Former national soccer team coach Li stands trial for bribery
Accepted bribes totaling over $7 million: court
Published: Mar 28, 2024 10:38 PM
Li Tie Photo: VCG

Li Tie Photo: VCG

The trial of Li Tie, former head coach of the Chinese national men's soccer team, for accepting and offering bribes to non-state employees began at the Xianning Intermediate People's Court in Central China's Hubei Province on Thursday. The trial comes as authorities announced new efforts to strengthen supervision of the sport. 

From 2019 to 2021, Li, taking advantage of his position as the head coach, illegally accepted bribes totaling over 50.89 million yuan ($7.04 million). Li pleaded guilty and expressed remorse in court, according to the court.

From 2015 to 2019, while working as the manager of the Hebei Huaxia Fortune Soccer Club and the Wuhan Zall Club, Li bribed other soccer clubs to cooperate or play passively during matches in order to win or achieve favorable outcomes, speding a total of over 39.05 million yuan.

From 2017 to 2019, leveraging his positions as general manager and head coach at the Wuhan club, Li received a total of 26.75 million yuan from the Hebei club to assist it in player transfers and winning matches.

Li's trial comes after four former Chinese Football Association (CFA) officials, including chief Chen Xuyuan and vice chief Yu Hongchen, were given prison sentences on Tuesday for taking bribes.

On Thursday, CFA issued two circulars on its official website to strengthen supervision and management of the soccer industry, enhance transparency in soccer operations, and promote the sport's healthy development.

First, the soccer governing body released plans to recruit public supervisors nationwide. The supervisors will take part in CFA briefings, provide feedback and suggestions on relevant tasks based on their research, and play supervisory roles in activities such as professional soccer leagues, youth matches and referee assignments.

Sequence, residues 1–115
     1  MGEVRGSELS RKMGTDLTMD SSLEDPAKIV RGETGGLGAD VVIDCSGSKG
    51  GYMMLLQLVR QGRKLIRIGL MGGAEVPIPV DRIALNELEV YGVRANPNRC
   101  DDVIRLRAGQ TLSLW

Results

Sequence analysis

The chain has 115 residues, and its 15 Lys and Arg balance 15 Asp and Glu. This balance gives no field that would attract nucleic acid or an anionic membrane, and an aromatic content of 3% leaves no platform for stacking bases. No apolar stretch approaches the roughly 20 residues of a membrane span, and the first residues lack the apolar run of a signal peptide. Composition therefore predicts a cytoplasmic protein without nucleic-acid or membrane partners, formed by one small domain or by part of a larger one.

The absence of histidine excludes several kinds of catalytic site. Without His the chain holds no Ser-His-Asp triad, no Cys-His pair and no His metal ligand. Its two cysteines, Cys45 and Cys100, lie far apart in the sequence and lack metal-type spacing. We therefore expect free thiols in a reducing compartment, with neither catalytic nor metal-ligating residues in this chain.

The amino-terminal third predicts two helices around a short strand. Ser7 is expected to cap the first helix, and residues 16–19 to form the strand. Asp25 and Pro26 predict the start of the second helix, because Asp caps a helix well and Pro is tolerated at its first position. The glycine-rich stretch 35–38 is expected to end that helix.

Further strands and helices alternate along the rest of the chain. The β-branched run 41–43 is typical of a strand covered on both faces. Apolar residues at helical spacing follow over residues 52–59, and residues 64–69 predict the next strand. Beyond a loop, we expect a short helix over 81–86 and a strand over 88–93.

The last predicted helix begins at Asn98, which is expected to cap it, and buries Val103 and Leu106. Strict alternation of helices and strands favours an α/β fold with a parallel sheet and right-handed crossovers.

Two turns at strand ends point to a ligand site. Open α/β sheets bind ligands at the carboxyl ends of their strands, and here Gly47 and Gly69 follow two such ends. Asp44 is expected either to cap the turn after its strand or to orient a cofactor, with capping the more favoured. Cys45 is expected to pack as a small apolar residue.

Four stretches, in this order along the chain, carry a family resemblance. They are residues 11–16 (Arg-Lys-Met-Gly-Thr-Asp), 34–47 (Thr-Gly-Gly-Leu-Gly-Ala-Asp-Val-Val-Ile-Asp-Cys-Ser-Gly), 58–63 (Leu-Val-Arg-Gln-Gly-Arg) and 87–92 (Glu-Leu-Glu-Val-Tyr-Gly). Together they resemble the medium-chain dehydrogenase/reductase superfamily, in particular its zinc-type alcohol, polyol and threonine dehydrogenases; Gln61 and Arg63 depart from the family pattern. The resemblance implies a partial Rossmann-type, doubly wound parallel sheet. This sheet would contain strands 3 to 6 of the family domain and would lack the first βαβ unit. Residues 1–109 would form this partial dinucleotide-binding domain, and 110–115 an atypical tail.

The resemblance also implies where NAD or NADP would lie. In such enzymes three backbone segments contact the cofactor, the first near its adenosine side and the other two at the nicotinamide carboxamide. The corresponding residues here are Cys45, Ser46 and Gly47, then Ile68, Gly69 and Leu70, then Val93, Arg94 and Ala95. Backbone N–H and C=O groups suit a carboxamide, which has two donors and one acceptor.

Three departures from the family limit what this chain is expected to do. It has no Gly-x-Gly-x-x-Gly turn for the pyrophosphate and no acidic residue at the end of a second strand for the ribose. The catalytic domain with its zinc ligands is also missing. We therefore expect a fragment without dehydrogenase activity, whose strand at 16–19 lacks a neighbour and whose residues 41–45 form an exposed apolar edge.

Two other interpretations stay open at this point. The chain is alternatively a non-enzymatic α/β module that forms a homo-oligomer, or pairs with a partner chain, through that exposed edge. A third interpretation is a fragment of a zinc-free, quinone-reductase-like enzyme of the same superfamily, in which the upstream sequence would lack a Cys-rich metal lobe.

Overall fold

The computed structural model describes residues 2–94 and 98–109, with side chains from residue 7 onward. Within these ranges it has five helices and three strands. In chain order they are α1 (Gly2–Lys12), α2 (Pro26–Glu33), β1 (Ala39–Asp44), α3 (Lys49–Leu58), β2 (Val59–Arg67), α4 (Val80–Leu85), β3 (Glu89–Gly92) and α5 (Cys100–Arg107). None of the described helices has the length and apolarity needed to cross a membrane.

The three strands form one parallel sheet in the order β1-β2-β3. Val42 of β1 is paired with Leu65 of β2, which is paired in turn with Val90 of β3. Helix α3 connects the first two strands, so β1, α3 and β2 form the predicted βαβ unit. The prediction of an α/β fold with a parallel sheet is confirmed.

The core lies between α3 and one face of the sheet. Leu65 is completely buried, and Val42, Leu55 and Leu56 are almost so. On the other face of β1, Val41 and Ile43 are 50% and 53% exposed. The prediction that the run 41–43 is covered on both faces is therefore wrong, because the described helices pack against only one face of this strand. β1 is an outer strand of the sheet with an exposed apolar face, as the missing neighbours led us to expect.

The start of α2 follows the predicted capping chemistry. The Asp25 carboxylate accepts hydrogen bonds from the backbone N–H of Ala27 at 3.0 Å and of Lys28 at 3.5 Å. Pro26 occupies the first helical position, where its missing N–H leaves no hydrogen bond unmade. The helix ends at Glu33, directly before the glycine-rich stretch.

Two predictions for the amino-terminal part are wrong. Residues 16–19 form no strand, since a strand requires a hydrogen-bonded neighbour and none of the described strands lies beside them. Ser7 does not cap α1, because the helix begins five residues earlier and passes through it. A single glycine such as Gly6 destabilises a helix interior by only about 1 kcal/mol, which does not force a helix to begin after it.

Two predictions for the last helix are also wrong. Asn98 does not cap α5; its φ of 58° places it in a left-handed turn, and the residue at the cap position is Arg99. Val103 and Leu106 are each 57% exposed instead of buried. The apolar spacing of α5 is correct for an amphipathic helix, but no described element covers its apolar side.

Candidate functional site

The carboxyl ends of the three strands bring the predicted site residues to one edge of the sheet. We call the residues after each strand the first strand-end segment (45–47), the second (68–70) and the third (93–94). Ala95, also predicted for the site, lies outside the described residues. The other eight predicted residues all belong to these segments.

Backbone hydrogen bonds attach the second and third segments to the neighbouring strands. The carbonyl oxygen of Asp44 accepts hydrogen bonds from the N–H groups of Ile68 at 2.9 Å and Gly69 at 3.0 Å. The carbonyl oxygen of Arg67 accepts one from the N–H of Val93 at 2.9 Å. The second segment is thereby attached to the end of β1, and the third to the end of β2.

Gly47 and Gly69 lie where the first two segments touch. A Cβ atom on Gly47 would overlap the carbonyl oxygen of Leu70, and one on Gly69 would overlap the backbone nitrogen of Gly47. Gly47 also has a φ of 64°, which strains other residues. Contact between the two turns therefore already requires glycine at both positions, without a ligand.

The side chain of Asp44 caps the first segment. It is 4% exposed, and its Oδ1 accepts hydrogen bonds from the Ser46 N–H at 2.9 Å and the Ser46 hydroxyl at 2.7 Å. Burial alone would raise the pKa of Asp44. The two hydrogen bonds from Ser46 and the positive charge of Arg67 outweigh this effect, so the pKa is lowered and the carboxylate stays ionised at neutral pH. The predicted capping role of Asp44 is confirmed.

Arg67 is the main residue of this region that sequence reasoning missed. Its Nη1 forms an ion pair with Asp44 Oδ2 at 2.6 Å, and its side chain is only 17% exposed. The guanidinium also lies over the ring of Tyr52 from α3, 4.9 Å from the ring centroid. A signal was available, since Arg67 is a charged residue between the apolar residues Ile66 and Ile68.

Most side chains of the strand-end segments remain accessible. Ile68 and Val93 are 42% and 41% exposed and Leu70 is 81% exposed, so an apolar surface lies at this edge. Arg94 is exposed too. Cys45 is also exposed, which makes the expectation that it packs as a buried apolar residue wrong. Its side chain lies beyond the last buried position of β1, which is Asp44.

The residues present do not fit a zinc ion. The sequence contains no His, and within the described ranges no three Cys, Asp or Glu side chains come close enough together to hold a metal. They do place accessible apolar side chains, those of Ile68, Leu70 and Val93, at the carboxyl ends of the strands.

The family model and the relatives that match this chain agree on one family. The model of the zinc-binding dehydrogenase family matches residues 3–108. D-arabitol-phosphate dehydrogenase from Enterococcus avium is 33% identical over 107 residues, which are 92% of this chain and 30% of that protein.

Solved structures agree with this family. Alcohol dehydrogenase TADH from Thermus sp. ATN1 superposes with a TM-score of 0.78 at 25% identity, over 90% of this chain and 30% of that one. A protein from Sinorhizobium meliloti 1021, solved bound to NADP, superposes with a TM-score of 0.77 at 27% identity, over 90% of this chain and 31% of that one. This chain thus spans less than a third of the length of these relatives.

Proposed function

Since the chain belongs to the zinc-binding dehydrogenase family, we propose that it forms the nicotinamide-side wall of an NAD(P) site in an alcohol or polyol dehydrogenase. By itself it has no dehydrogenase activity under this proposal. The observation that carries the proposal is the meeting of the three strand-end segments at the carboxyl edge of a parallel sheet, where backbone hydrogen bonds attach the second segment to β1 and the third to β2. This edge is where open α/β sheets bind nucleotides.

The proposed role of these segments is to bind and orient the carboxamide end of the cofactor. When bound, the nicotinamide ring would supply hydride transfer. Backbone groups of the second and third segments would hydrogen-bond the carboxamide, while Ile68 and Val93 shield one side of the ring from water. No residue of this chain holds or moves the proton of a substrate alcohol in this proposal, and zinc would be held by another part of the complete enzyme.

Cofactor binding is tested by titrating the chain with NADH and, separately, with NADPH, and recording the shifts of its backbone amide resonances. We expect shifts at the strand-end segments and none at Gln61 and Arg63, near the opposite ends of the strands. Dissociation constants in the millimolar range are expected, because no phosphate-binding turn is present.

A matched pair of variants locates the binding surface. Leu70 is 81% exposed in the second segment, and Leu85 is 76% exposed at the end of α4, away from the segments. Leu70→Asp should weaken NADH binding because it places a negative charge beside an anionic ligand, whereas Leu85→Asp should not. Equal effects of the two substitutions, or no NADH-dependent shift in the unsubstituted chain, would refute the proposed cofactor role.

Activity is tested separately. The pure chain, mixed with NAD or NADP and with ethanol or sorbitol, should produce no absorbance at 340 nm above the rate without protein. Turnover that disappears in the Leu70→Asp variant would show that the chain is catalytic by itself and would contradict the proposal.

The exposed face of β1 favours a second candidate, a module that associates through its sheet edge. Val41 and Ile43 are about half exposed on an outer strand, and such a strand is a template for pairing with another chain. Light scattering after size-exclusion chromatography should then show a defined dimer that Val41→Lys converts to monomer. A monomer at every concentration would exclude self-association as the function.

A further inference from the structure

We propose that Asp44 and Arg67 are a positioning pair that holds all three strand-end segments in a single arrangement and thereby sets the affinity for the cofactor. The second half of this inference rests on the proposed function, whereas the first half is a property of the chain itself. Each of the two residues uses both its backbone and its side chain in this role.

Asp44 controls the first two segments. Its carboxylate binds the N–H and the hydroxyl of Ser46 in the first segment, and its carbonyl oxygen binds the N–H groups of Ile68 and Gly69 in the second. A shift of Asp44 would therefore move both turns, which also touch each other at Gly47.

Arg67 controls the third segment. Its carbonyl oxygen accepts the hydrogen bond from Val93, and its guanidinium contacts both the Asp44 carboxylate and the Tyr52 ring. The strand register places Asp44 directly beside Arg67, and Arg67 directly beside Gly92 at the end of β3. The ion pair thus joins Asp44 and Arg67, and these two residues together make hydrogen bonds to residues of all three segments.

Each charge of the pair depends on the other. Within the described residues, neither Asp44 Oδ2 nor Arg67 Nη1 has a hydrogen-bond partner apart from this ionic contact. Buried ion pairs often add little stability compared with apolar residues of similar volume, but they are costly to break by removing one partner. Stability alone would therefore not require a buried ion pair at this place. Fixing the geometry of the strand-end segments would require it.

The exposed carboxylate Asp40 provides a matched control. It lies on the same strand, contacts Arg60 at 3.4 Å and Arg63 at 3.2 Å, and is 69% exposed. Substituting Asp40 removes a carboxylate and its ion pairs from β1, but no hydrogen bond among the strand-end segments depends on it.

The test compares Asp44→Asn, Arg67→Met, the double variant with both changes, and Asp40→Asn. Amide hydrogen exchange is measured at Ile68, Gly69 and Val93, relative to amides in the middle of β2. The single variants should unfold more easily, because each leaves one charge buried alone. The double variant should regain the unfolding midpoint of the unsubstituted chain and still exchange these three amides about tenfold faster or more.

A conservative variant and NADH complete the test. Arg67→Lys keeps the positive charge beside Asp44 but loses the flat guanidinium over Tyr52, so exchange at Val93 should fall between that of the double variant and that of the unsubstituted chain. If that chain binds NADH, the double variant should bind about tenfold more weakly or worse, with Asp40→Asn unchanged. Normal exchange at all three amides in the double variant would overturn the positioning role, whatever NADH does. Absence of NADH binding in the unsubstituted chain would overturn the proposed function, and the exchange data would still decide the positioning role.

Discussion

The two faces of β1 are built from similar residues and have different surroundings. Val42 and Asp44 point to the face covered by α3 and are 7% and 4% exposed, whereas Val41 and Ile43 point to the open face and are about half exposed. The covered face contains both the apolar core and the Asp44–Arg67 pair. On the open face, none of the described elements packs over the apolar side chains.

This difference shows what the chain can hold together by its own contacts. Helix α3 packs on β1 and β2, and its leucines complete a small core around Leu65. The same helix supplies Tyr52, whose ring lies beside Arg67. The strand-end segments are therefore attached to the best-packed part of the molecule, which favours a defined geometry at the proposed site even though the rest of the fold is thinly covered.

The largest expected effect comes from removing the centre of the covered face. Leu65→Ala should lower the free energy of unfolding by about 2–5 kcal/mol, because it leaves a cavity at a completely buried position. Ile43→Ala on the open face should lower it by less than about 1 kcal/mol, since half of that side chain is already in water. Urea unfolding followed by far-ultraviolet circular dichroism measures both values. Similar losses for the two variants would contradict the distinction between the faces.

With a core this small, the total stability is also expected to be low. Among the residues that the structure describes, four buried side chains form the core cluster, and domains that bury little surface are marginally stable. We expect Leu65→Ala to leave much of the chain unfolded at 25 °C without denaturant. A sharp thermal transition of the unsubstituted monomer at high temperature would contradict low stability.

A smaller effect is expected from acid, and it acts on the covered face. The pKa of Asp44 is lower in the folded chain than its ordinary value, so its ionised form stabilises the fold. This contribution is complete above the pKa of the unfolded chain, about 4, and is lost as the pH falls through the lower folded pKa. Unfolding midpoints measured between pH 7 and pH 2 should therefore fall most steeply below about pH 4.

The other is to encourage the public to report violations of sports competition rules or breaches of sports ethics that lead to improper changes in the course or outcome of the game. A whistleblower who provides valid clues that are confirmed upon investigation can be granted rewards ranging from 2,000 to 20,000 yuan.

The investigations into individuals in the soccer sector such as Li signify the beginning of a new chapter in the governance of corruption in the soccer domain, according to China's Supreme People's Procuratorate in February.

In an anti-corruption documentary aired on China Central Television (CCTV) in January, Li, as the first subject investigated in the soccer's anti-corruption campaign that started in 2022, conveyed profound remorse, acknowledging that he ought to have kept his head to the ground and followed the right path.

Li admitted in the documentary that he bribed his way to the stewardship of the Chinese national team by offering 3 million yuan to CFA officials when he was the manager of the Wuhan Zall club of the Chinese Super League.

The 47-year-old, who had a stint with the English Premier League side Everton, also confessed involvement in match-fixing as a means to secure promotions for his club.

"Achieving 'success' through such improper methods only fueled my impatience and desire for quick results," he said in his televised confession.

Liu Yu, a Beijing-based sports commentator, told the Global Times on Thursday that the recent sentences sounded an alarm for the Chinese soccer community, prompting introspection and an overhaul of the sport.

Former CFA chief Chen Xuyuan was handed a life sentence for accepting bribes amounting to 81 million yuan while former vice chief Yu Hongchen was sentenced to 13 years in prison on Tuesday.

A national soccer work conference was convened in Beijing on Wednesday with the aim to collectively promote the healthy development of soccer in China.

Zhang Jiasheng, a deputy director of the General Administration of Sport and Party secretary of CFA, said in the conference that the key to advancing soccer reform and development lies in deepening institutional and systemic reforms. 

"Sports administrative departments and soccer associations should at all levels reach a consensus on development, work together to deepen reform in soccer, and establish a collaborative and efficient soccer management system," said Zhang. 

With the goal of building China into a leading sports power and revitalizing soccer, sports governing bodies at all levels were called to focus on youth training, establish correct goals for youth development and improve the quality of youth training. 

Stringent measures will be implemented to combat issues such as match-fixing and corruption in the soccer sector and to restore a healthy soccer ecology and put Chinese soccer back on the track of healthy development.